Greig Laidlaw kicked a penalty against a fierce wind two minutes after the siren to give Scotland a stunning 9-6 victory over Australia in atrocious weather in their rugby union international yesterday in Newcastle, Australia.
A match rendered almost a farce by gale-force winds and torrential rain looked destined to end in a draw until Scotland were awarded a penalty for an infringement at the scrum about 25m from Australia’s try-line.
Flyhalf Laidlaw, whose own line-break had got Scotland into Australia’s half, steadied his nerves, waited for the wind to die down a little, before kicking the ball hard and high between the posts to secure a famous victory for the visitors.
It was a second successive win for Scotland over the Wallabies after their victory in Edinburgh in 2009, but their first in Australia since 1982 and it followed a run of seven consecutive defeats going back to last year’s World Cup in New Zealand.
“The boys are over the moon, we put in a big shift in defense, they put their bodies on the line,” Scotland captain Ross Ford said.
“Contrary to popular belief, we prefer playing in dry weather. Our boys just stuck in there and stuck to their task,” he said.
“We put ourselves under a lot of pressure, but when we finally got the ball we made the most of it. I think it’s phenomenal, a great morale boost for the squad, especially against a side like Australia,” he added.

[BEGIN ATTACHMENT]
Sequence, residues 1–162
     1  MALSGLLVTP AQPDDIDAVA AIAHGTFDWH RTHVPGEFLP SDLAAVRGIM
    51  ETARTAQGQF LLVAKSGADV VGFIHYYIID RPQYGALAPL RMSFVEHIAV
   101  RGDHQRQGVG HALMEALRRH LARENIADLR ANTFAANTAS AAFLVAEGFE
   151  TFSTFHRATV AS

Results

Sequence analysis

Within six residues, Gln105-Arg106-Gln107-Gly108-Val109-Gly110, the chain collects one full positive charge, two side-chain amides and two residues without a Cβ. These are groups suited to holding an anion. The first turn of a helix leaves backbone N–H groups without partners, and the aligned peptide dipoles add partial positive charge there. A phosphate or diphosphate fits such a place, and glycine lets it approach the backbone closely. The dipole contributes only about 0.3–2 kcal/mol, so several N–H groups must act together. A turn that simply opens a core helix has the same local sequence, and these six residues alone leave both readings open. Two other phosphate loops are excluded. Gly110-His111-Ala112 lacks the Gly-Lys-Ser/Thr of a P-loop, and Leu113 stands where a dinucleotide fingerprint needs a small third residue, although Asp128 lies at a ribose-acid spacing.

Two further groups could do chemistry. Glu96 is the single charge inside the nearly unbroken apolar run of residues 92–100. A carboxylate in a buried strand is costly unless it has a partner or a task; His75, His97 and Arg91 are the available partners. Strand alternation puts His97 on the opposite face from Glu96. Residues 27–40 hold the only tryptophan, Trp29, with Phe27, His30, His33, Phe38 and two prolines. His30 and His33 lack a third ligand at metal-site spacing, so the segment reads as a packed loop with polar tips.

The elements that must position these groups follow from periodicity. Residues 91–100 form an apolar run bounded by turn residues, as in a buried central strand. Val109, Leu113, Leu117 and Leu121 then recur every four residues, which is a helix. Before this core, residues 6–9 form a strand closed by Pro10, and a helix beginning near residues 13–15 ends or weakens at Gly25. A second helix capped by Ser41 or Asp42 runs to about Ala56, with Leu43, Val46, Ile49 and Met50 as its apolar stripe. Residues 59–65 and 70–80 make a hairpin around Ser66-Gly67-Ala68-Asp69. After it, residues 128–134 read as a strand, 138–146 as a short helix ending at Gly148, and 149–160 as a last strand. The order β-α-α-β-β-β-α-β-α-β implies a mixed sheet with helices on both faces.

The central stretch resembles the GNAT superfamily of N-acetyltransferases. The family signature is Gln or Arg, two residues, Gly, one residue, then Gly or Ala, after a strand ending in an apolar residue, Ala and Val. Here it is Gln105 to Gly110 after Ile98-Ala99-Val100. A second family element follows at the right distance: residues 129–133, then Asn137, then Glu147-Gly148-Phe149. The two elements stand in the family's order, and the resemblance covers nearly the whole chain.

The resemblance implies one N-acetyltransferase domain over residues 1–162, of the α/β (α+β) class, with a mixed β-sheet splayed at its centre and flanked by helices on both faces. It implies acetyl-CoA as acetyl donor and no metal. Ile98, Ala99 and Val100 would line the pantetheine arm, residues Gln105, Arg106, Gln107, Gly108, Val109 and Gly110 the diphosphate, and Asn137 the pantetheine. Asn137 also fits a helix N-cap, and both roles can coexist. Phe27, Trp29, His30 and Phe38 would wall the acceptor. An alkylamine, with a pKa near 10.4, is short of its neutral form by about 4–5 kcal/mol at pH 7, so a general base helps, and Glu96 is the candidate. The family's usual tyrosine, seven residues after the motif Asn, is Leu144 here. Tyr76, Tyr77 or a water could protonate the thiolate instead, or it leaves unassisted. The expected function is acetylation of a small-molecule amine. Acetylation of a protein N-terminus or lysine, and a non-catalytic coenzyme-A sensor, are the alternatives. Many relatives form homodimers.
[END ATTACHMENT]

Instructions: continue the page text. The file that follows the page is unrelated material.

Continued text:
Australia elected to play against the wind in the first half and were delighted to be just 6-3 down at the break after it looked like Scotland had squandered their significant advantage.
The first half was largely a siege of the Wallabies line, but Scotland lacked the imagination to break down the hosts’ defense and they came away with only two Laidlaw penalties.
Scotland came closest to a try when fullback Stuart Hogg hoisted a huge up-and-under which Wallaby scrumhalf Will Genia missed completely and he had to rely on the pace of debutant winger Joe Tomane to save the day.
Australia center Mike Harris closed the deficit to 6-3 with a penalty eight minutes before the break and, with the posts wobbling in the wind, he added another two minutes after halftime to square the match.
The 20,000 crowd then waited in vain for the Wallabies onslaught to begin.
The weather was largely to blame for the fact that it never came, although ferocious Scotland tackling played its part too, and after lock Rob Simmons was denied a try by television review in the 55th minute, the hosts rarely threatened the tourists’ line thereafter.
Australia, who blooded six new caps, also lost their opening Test last season, at home to Samoa, and are certain to field a very different side when they begin their three-Test series against Six Nations champions Wales in Brisbane on Saturday.
“We’re very disappointed,” said David Pocock, who was captaining Australia for the first time in place of the injured James Horwill.
“Credit to Scotland, they defended very well and did well to get the penalty at the end and kick it,” he said.
Scotland move on to play Tests against Fiji and Samoa.